Readers wishing for a little more about food and a little less about nationalism may want to look elsewhere, but Raviv...

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FALAFEL NATION

CUISINE AND THE MAKING OF NATIONAL IDENTITY IN ISRAEL

What’s in a falafel? By the lights of food-studies and nutrition adjunct professor Raviv, it’s not just chickpeas and pita bread, but also identity.

You are what you eat. That’s true of nations as much as people, and that can be a problem if what you eat is what your neighbor eats—or, as the author writes, “Who has the right to falafel? Whose hummus is bigger?” As she shows, foods such as falafel and hummus, now mainstays of the Israeli diet—and, yes, of Israeli self-definition—owe to neighboring Arabic traditions and were absorbed into Israel’s cuisine through a process whereby, to put it one way, Europeans shed their European identities: “Israelis’ choice of falafel and hummus as markers of identity should perhaps be perceived as a reflection of their wish to become part of the Middle East.” Olives, oranges, and other foods underwent similar assimilation, even as Israelis began to incorporate elements from many places—immigrants from Russia, Italy, North Africa, and America. Though invested with many meanings, those foods became unifying symbols. Raviv traces this transformation over the course of more than a century, looking at such matters as the Zionist “homegrown” campaign of the 1920s and the use of the school cafeteria as a vehicle for the development of a national cuisine. The author is particularly good on pressing the point that such cuisines are seldom fixed but instead constantly adapt as new groups enter and as time changes. Naturally, such ideas of variability and contested meanings are couched in the language of postmodernism—e.g., “Because food is disarming, it does not read as a product of high culture”; “I, too, aim to use the concrete evidence of the development of a national cuisine to interrogate the abstraction of nationalism.”

Readers wishing for a little more about food and a little less about nationalism may want to look elsewhere, but Raviv delivers an academic yet mostly accessible work of culinary anthropology.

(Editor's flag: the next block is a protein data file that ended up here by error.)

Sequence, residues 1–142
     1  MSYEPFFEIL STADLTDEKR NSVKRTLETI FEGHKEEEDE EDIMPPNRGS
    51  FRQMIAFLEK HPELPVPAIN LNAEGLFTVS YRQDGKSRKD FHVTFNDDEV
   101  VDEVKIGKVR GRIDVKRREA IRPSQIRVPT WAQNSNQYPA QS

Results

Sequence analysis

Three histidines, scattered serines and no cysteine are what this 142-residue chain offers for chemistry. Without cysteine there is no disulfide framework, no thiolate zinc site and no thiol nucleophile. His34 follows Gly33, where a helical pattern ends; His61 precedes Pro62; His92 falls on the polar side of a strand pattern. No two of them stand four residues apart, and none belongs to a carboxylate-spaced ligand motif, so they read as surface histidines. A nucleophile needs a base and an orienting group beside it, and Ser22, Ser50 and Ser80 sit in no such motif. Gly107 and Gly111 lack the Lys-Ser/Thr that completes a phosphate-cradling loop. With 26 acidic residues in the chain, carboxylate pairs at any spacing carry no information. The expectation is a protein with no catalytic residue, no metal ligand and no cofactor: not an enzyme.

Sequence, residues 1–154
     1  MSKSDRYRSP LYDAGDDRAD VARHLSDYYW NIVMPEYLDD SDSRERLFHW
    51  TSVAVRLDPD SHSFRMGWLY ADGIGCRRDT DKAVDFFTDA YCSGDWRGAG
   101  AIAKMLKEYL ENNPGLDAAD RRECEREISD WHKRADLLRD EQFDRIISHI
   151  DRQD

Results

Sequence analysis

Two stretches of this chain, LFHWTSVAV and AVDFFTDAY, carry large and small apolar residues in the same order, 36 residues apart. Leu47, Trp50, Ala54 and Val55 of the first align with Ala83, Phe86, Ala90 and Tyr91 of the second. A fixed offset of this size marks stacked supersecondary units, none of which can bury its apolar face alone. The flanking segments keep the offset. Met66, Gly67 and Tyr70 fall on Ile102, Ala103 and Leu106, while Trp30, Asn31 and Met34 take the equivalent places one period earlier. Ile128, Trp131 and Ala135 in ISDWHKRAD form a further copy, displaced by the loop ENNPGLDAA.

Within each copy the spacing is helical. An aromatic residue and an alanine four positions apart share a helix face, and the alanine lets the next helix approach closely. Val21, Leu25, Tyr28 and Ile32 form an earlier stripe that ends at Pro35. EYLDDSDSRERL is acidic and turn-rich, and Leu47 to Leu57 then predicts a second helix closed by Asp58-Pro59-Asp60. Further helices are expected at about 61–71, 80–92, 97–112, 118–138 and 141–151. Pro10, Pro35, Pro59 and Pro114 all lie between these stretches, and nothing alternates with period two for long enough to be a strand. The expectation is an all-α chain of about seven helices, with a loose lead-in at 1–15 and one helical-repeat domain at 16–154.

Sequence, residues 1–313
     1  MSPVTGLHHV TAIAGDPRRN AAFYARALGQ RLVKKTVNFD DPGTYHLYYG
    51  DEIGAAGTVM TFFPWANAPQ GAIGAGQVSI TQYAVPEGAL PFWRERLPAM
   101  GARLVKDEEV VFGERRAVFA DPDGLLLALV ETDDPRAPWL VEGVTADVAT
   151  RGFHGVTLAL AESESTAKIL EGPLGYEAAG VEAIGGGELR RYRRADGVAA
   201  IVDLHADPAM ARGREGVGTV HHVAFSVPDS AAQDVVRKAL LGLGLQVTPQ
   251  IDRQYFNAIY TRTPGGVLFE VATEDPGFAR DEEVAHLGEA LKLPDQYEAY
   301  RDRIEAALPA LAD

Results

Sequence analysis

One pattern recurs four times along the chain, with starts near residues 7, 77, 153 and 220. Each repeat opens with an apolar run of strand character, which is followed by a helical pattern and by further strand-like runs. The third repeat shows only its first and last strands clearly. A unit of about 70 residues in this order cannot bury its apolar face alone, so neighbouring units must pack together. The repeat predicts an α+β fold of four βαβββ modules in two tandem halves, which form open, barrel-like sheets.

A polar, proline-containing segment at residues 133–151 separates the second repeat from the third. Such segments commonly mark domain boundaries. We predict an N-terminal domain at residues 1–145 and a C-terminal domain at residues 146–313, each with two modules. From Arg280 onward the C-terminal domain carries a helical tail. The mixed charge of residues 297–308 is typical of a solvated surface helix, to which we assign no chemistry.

Pub Date: Nov. 1, 2015

ISBN: 978-0-8032-9017-4

Page Count: 288

Publisher: Univ. of Nebraska

Review Posted Online: Aug. 17, 2015

Kirkus Reviews Issue: Sept. 1, 2015

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The author's youthfulness helps to assure the inevitable comparison with the Anne Frank diary although over and above the...

NIGHT

Elie Wiesel spent his early years in a small Transylvanian town as one of four children. 

He was the only one of the family to survive what Francois Maurois, in his introduction, calls the "human holocaust" of the persecution of the Jews, which began with the restrictions, the singularization of the yellow star, the enclosure within the ghetto, and went on to the mass deportations to the ovens of Auschwitz and Buchenwald. There are unforgettable and horrifying scenes here in this spare and sombre memoir of this experience of the hanging of a child, of his first farewell with his father who leaves him an inheritance of a knife and a spoon, and of his last goodbye at Buchenwald his father's corpse is already cold let alone the long months of survival under unconscionable conditions. 

The author's youthfulness helps to assure the inevitable comparison with the Anne Frank diary although over and above the sphere of suffering shared, and in this case extended to the death march itself, there is no spiritual or emotional legacy here to offset any reader reluctance.

Pub Date: Jan. 16, 2006

ISBN: 0374500010

Page Count: 120

Publisher: Hill & Wang

Review Posted Online: Oct. 7, 2011

Kirkus Reviews Issue: Jan. 15, 2006

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A PEOPLE'S HISTORY OF THE UNITED STATES

For Howard Zinn, long-time civil rights and anti-war activist, history and ideology have a lot in common. Since he thinks that everything is in someone's interest, the historian—Zinn posits—has to figure out whose interests he or she is defining/defending/reconstructing (hence one of his previous books, The Politics of History). Zinn has no doubts about where he stands in this "people's history": "it is a history disrespectful of governments and respectful of people's movements of resistance." So what we get here, instead of the usual survey of wars, presidents, and institutions, is a survey of the usual rebellions, strikes, and protest movements. Zinn starts out by depicting the arrival of Columbus in North America from the standpoint of the Indians (which amounts to their standpoint as constructed from the observations of the Europeans); and, after easily establishing the cultural disharmony that ensued, he goes on to the importation of slaves into the colonies. Add the laborers and indentured servants that followed, plus women and later immigrants, and you have Zinn's amorphous constituency. To hear Zinn tell it, all anyone did in America at any time was to oppress or be oppressed; and so he obscures as much as his hated mainstream historical foes do—only in Zinn's case there is that absurd presumption that virtually everything that came to pass was the work of ruling-class planning: this amounts to one great indictment for conspiracy. Despite surface similarities, this is not a social history, since we get no sense of the fabric of life. Instead of negating the one-sided histories he detests, Zinn has merely reversed the image; the distortion remains.

Pub Date: Jan. 1, 1979

ISBN: 0061965588

Page Count: 772

Publisher: Harper & Row

Review Posted Online: May 26, 2012

Kirkus Reviews Issue: Jan. 1, 1979

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